Post Rock Post: Yndi Halda Are The True Bliss Of Post Rock

Several readers of this column have drawn my attention to the fact that, usually, the elements that I usually critique are some of the basic foundations of post rock. Crescendos, tremolo build ups, monotonous blastbeats and the like are all the bedrock on which post rock relies. And, to be honest, they’re correct. I don’t deny that these structures are what made post rock but the emphasis here is on made, that is, in the past tense. A genre needs to go somewhere, needs to do things with the primordial juices which spawned it that invigorates it and keeps it going. Especially if you’re a young band, just getting started. Do you think you’re going to be anything more than a footnote to Godspeed You! Black Emperor when you record album after album of static and crescendo? Do you imagine that will people will adore you as they do Mono if you incorporate strings in that specific way on each and every track?

But then there’s Yndi Halda who put to shame everything I just said. Ten years after their somewhat self titled release and they’re a legend. Having flared briefly, they burned that much brighter, releasing an album which, for many, was a turning point in the history of post rock, a bold and concise statement of what the genre was about. Honestly, when I picked up their Under Summer, released just last week, I was scared. Ten years of anticipation (more like seven, for me) is a long time and I was unsure what, if anything, the band would be able to innovate. There’s nothing quite more depressing than a legendary band, come back to discover that the genre has moved on without it. However, Yndi Halda have made a fool of me and everything that I thought that I wanted from post rock today. Under Summer is nothing more than an ode to the fundamentals of post rock, a brilliant, effortless, small, grand, personal, collective, majestic and humble rendition of the basics of the genre.

Those terms might seem contradictory to you and that’s fine. All you need to do is press play on the second track, “Golden Threads From the Sun” in order to understand what I’m talking about. Listen as the intro gently introduces you into the themes of the track, the vocals so light and enchanting that you won’t even notice by the time the moving crescendo hits. And the crescendo is only the middle of track and not placed in the end like most bands today are obsessed with. It serves a thematic purpose, namely to raise you up on high, your emotions soaring with the drums, only to bring you low again. But not to shame you, not to hurt you. It brings you low immediately after with strings, lightly plucked and bowed, as if drawing your gaze from the clouds to the grass below. The contrast is not here to break you but rather to shed light on two different places: the mountain peak and the low meadow.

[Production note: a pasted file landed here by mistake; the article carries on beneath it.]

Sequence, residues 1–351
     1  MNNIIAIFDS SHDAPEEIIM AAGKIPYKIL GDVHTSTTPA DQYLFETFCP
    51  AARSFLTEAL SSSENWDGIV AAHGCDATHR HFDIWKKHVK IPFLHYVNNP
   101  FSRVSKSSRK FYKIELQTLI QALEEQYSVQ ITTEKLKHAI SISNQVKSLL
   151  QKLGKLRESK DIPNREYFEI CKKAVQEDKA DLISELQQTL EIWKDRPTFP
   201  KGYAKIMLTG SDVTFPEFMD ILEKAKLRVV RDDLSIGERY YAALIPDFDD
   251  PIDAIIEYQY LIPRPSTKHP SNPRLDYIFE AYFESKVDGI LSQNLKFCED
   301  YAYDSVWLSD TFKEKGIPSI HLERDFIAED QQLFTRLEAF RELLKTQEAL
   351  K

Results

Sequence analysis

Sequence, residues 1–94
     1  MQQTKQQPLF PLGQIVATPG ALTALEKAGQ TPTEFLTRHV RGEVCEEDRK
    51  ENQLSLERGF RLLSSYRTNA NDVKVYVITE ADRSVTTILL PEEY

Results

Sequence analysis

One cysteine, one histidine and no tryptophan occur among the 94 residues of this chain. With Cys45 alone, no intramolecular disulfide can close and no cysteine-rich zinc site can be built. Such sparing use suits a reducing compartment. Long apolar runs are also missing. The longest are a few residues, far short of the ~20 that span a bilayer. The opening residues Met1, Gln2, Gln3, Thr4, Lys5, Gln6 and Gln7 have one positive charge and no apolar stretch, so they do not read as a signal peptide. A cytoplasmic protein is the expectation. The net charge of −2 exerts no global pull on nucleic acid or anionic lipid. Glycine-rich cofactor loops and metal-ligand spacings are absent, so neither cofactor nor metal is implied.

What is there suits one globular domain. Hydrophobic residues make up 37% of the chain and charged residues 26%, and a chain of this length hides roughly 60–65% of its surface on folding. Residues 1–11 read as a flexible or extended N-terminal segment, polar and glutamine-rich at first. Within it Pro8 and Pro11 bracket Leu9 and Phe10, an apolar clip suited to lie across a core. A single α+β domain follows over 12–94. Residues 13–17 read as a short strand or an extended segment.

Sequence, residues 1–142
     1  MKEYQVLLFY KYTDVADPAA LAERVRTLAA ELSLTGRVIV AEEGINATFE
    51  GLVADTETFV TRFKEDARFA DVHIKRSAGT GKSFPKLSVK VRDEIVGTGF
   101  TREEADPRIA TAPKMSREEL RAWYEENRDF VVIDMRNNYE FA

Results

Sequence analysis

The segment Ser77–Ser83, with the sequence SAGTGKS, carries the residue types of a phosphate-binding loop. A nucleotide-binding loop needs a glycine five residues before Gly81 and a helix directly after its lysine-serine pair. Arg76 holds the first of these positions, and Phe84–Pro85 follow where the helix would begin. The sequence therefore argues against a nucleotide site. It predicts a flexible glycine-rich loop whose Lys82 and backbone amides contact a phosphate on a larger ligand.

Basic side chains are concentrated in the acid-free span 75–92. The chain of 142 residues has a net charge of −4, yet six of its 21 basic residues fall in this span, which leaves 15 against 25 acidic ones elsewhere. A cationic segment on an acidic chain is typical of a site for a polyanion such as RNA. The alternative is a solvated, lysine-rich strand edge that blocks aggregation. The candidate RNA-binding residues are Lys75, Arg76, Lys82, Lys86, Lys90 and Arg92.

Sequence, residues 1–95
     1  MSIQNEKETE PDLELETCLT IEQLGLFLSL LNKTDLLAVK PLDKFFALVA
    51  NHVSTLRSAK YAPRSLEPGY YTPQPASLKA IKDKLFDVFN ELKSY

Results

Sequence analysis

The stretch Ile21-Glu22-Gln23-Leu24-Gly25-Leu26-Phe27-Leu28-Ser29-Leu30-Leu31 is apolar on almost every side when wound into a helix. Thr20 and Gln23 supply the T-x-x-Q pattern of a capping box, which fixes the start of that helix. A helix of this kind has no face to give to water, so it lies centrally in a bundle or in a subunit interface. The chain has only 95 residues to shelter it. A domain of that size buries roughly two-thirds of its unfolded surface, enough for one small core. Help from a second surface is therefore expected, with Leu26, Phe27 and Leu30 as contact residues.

Oh, and yes, I did mention vocals. This album has plenty of them and they’re amazing, utilized to utter perfection. Going back to the first track, “Together Those Leaves”, we discover how integral the vocals are to the picture I painted above. In some way, they manage to be both fragile and inviting, serving as both a harmony and counterpoint to the gentle guitars that usher in the album. This is not the last time this sort of cooperation will be seen on the album. In general, the guitars seem to be written for the vocals, or maybe the vocals to the guitars. In any case, it’s a unique collaboration and one which lends a personal, close and yet somehow magisterial vibe to the whole thing.

There’s plenty more that can be said about this album (the strings, for one, the bass for another, the cohesion, as a summary) but honestly, I’m just taking time from you which could be spent listening to it. Even if you’re not a fan of post rock, this is an album you need to hear. And if you are a fan, just close your eyes and listen to all the basic, familiar elements being played to absolute perfection. This is a band which innovates by their very quality of performance and writing rather than by being experimental or avantgarde. They are simple so in tune to the genre they are playing in that they are able to rarefy it, distill it, concoct a perfect elixir, smooth and wonderful to the throat. Or ears.

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Fear is the mind-killer. Fear is the little-death that brings total obliteration. I will face my fear. I will permit it to pass over me and through me. And when it has gone past I will turn the inner eye to see its path. Where the fear has gone there will be nothing. Only I will remain.






2 thoughts on “Post Rock Post: Yndi Halda Are The True Bliss Of Post Rock

  1. BlackTaxi2d Reply

    fuck yes, i havent even read the article yet, but i think this album has surpassed EEB for me. it is so beautiful. even the meandering third track has an insane amount of charm. ok time to read this article

    edit: yep agreed on everything. and like you said so much more can be written about the individual elements and the structures. I went to my record store on Friday and the girl had never heard of yndi halda. sad day. more people need to hear this

  2. Eliza Reply

    This album is beautiful, thanks for introducing me to it.

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